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Susie Veroff
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Susie Veroff - USA/Canada

Visual Artist

My name is Susie Veroff. I come from Ann Arbor, Michigan. I was born there, but at a very young age I moved to Canada, so I have dual citizenship, but I probably consider myself more of a Canadian since having spent much more of my life in Canada than in the United States, although the US was formative.

I decided to become an artist when I was age fifteen and went off to study painting at the Banff School of Fine Arts and basically wanted to learn more and more and went to art school in Canada at the Nova Scotia College of Art and Design and finished at Cooper Union in New York City.

After that, I started making babies, which is a wonderful art form, but it does take a way a little of what you are able to do as an artist, yet I maintained in my heart the dream that I would always be an artist and that I would express myself that way as well, a visual artist--although I have done many other art forms, theatre, writing, music....but I always concentrated on the visual arts probably because I was a very shy child and, it doesn’t show now, but I couldn’t imagine myself performing in front of other people, so it seemed to be an easy way to not be under pressure of having everyone look at me.

The type of artist I am is a kind of instinctive artist, although I did study art and have a very good background. I have never limited myself to a technique or to a way of doing art. I think everything is possible. Although I specialized in printmaking and have done quite a bit of painting, I could myself doing sculpture or video. I’ve done a little bit of these types of forms. So let’s just say I basically am a visual artist. I am kind of an eclectic visual artist, as well, because in the visual arts there have been many different explorations.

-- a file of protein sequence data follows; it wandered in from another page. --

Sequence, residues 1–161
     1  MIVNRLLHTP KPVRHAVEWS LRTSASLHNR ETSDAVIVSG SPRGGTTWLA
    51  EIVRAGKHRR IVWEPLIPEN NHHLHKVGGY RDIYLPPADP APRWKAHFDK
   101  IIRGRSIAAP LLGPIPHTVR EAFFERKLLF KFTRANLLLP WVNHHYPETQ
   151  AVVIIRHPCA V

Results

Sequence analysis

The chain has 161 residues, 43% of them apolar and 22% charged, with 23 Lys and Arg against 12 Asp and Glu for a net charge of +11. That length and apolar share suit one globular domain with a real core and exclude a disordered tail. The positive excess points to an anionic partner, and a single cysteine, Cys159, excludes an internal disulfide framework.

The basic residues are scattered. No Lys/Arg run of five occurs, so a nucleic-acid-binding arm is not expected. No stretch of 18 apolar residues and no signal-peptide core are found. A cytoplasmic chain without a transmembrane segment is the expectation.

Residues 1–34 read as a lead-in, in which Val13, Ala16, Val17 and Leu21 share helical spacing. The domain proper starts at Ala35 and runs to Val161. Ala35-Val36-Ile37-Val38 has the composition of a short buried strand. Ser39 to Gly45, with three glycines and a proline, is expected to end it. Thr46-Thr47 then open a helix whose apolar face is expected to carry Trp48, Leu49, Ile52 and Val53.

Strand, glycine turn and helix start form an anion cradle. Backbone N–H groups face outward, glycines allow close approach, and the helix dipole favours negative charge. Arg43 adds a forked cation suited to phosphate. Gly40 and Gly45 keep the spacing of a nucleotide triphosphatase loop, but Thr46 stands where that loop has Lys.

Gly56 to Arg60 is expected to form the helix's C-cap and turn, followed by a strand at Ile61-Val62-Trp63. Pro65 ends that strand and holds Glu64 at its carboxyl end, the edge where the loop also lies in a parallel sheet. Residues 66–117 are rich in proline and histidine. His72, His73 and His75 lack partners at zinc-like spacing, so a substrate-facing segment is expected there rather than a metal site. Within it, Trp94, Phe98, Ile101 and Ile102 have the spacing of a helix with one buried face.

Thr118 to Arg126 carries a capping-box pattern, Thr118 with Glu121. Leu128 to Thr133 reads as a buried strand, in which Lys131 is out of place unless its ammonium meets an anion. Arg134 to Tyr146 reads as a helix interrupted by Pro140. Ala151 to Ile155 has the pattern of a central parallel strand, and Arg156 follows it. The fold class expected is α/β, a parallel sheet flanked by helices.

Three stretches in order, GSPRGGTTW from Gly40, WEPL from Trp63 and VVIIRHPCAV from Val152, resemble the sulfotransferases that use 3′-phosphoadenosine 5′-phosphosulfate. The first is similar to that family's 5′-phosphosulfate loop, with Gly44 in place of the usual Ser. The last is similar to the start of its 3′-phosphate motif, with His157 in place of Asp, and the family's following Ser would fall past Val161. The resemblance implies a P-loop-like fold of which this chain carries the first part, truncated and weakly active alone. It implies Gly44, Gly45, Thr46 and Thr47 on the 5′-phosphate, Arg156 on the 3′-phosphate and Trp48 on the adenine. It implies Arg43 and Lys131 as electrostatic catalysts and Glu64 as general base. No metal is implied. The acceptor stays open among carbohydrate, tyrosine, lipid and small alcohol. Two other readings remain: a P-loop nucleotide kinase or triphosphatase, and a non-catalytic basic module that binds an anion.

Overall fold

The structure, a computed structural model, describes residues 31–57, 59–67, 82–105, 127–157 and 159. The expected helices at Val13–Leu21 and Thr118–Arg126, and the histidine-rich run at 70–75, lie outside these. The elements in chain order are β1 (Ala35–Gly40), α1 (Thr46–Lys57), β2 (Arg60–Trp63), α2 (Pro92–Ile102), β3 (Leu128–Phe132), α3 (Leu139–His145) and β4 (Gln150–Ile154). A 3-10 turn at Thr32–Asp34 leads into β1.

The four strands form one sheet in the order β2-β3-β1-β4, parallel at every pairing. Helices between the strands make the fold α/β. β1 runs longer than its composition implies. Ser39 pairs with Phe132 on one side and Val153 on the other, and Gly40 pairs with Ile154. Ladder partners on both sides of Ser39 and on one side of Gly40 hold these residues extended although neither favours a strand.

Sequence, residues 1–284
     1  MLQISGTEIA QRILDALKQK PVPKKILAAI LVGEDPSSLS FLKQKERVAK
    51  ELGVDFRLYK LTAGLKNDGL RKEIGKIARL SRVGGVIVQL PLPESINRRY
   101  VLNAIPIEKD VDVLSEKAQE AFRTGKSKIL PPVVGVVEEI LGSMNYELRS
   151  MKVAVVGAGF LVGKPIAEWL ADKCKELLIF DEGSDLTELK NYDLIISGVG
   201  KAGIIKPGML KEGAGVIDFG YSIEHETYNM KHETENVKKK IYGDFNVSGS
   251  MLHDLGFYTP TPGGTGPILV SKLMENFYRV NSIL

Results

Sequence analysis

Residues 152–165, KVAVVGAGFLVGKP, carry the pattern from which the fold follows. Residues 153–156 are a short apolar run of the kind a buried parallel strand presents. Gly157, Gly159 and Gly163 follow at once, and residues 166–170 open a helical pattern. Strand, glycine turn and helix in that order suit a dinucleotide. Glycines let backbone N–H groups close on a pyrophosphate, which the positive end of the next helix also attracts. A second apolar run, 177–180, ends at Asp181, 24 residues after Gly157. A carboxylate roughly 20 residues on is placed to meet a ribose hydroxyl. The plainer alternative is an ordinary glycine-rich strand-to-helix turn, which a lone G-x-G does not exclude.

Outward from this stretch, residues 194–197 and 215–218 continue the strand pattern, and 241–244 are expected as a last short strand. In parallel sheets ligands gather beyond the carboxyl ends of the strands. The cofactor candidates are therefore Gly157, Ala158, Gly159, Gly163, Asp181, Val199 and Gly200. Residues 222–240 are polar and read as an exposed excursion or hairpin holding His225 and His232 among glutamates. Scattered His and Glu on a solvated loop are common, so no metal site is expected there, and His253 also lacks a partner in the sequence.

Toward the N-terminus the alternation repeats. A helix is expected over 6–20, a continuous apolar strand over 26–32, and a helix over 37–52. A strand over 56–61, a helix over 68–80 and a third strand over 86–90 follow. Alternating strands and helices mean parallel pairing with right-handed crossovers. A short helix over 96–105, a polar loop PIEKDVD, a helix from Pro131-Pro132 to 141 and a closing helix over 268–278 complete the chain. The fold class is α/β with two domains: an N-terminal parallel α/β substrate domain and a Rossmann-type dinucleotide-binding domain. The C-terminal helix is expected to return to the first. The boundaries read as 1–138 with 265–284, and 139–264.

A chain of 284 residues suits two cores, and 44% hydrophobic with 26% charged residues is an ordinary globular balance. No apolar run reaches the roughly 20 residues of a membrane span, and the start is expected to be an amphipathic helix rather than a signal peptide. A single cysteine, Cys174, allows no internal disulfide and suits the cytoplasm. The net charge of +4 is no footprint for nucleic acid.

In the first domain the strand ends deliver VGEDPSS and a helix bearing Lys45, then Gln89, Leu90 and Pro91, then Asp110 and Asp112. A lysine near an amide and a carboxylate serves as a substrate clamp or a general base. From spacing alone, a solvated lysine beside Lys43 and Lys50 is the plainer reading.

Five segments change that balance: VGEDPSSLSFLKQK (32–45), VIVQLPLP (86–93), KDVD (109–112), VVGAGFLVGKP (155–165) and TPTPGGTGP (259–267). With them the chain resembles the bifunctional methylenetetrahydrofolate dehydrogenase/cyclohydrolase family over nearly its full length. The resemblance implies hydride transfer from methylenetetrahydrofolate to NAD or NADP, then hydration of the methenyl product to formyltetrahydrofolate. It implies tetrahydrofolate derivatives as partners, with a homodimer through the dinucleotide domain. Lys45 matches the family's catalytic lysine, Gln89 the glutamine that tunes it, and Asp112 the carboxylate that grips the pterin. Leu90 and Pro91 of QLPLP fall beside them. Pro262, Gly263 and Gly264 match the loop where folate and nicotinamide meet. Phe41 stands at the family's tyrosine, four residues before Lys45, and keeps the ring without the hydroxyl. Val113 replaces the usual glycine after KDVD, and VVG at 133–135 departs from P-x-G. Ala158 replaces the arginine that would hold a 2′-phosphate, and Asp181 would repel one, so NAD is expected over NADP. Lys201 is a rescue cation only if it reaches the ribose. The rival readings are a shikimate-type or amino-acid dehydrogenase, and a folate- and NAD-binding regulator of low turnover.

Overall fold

But printmaking has been the love of my life. I really enjoy it. It is kind of midway between sculpture and two dimensional either drawing or painting because there is a textual aspect to it. It’s also a progressional type of art. For instance you have to do different steps before you can see what you’ve done. It’s indirect, it is not direct. This causes certain problems, but it also causes wonderful surprises.

Because I also became a Professor of Fine Arts and raised a family, I consider myself to have been a part-time artist up until now. I’m just trying to be honest, because as someone who lived for my art, I never lived by it...Although I sold a quite few things, that was never my livelihood or my means. Now that I’ve retired from teaching, I am now full-time artist professional and devoting all of my time to it. I am quite happy about that although I enjoyed teaching enormously and was enriched by it. I am very glad now to think about what my creative ventures are going to my and what I am going to do next. My main objective right now is to focus and to concentrate on what I’m really trying to say, because that is quite important to me, as Marshall McKuen said, “The medium is the message,” and I do accept that, but for me the message is important to me. It is what you are trying to say to the world. I wouldn’t say I was a political artist but I really would like not to just dwell in the aesthetic, although I enjoy the aesthetic, but also to create thoughts in people and to create questions in people, whether it is about their own emotional lives or something geographical or political. What doesn’t really matter to me, whether its curiosity that happens, an interaction with the art. That is what I am trying to get towards. But in some ways I am an expressionist. I am definitely not a wholly figurative artist or photorealist. I believe in the gestural part of art, the movement of your body and your hands. There is a lot of energy and communication in that, so it is very important to me.

Well, I taught color for 20 years and theory of color. I rather like the emotional quality of color. The book of Kandinsky talks about the musicality of color, and I really enjoy that.

The other part of my life which has been a bit more intellectual is the idea of art as a form for social change. I’ve dwelled on that for a few years and going with other people trying to see if art can be a form that can help people change their own personal lives, but also in a community or a social sense.

In general, I think that art is a powerful medicine. It is a language. And maybe it is a form of reflection that is needed very much in our society today. We need art. Let’s go make a lot of it!




2017 Patricia Goodrich
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